This victory belies the toll the lawsuit took on Tobias and her family. “Financially, it wiped us out,” she said

Years later, her emotions surrounding the lawsuit are still raw. “You don’t fight fair when you come in and you sue people for millions of dollars and you stop their free speech,” she said.

According to Tobias, the intention of SLAPPs is not to obtain legitimate damages but rather to discourage public participation surrounding a project. They almost always include a “silencing,” she said. The suit brought against Tobias, for example, contained an order to refrain from attending city council meetings for three years.

In addition to the $3 million in damages, the Lake Restoration Solutions lawsuit also includes a request for a judge to order Abbott to immediately stop making any further “derogatory, misleading or false statements regarding Lake Restoration, the project or the proposal.” The suit also asks a judge to order Abbott to delete all such comments from his social media and websites and agree to not make any similar statements in the future.

Andrew Follett, a Yale law student and colleague of Abbott, said he sees this as the purpose behind the lawsuit. “I do absolutely see this as a means to punish somebody who’s speaking out,” he said.

However, the truth may not be so immediately clear. Ed Carter, practicing attorney and BYU journalism professor, suggested a more cautious approach.

“It’s important to reserve judgment and have a little patience because we can’t immediately say this is good, this is bad, this side is going to win, this side is going to lose. We just don’t know,” Carter said.

He explained that lawyers are under obligation not to file frivolous claims in court, though he clarified that does not mean the lawsuit will ultimately succeed.

It is also unclear whether Abbott’s comments regarding the legitimacy of the Utah Lake Restoration Project would fall under Utah’s narrow anti-SLAPP legislation.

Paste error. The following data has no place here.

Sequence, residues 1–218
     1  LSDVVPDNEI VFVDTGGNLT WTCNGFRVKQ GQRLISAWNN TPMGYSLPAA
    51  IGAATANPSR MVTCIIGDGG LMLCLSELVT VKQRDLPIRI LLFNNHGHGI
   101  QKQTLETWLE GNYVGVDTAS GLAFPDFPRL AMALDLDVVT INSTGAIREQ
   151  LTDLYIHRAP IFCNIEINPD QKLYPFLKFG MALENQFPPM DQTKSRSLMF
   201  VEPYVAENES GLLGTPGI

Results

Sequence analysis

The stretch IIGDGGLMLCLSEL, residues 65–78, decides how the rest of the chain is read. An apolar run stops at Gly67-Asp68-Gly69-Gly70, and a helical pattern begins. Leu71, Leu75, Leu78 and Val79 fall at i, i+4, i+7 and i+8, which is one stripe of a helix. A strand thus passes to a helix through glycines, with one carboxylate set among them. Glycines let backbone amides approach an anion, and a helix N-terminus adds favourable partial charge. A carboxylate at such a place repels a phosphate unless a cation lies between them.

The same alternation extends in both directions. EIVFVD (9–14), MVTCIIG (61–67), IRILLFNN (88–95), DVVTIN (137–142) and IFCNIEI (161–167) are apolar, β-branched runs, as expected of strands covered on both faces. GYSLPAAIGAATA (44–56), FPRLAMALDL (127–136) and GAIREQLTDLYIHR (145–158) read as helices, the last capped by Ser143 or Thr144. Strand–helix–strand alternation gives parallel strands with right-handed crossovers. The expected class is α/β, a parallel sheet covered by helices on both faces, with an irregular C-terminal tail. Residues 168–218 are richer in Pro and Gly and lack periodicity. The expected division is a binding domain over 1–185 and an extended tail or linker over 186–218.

Though there is some ambiguity in how it should be interpreted, Carter said it is likely the Utah statute only applies to language directed toward politicians and political processes, such as in a city council meeting.

Regardless of the suit’s outcome, some in the community still see it as a dangerous move for public participation.

Danny Dudley, a former student of Abbott’s who is studying strategic management and environmental science at BYU, thinks Lake Restoration Solutions’ actions send an important message.

“I think that this lawsuit speaks volumes,” Dudley said. “If they’re going to sue a professor for $3 million for providing constructive criticism like that, that says a lot about it.”

A shelf in Abbott’s BYU office shows a note reading, “Utah: People working together.” Abbott hopes the lawsuit he is engaged in can help bring more awareness to the proposal to develop Utah Lake. (Decker Westenburg)

Though Abbott is worried about his own situation, he is more fearful for what the lawsuit could mean for the future of the community.

Abbott fears this type of lawsuit could become a frequent occurrence. “If it becomes normalized in our community, then the only people who are going to be able to participate in the public debate are those who can afford to have permanent legal representation,” he said. “That is not a kind of world that I want to live in.”

Follett hopes the lawsuit will have the opposite effect and instead will increase public participation surrounding the issues that matter most to the community.

“I think that this will galvanize opposition to the islands project. I think it’ll mobilize and increase the base of people who are willing to speak up against it,” he said. “I think that it will bring public attention to Utah Lake, and as a result public appreciation.”

Abbott also sees this as a positive opportunity. “I think that they intended this lawsuit to silence me. Instead, they gave me an opportunity to work on this issue full time,” he said.

Abbott will release a response to the lawsuit Tuesday morning. He will also have a press conference at Lindon Marina in Vineyard at 11 a.m. where several community leaders will be speaking about Lake Restoration Solutions’ legal action and the restoration of Utah Lake.

The public event is open to all and will be streamed on the Conserve Utah Valley Facebook page.

The future of the Utah Lake has become the center of growing controversy and public debate. (Contributed by community photographer for utahlake.byu.edu)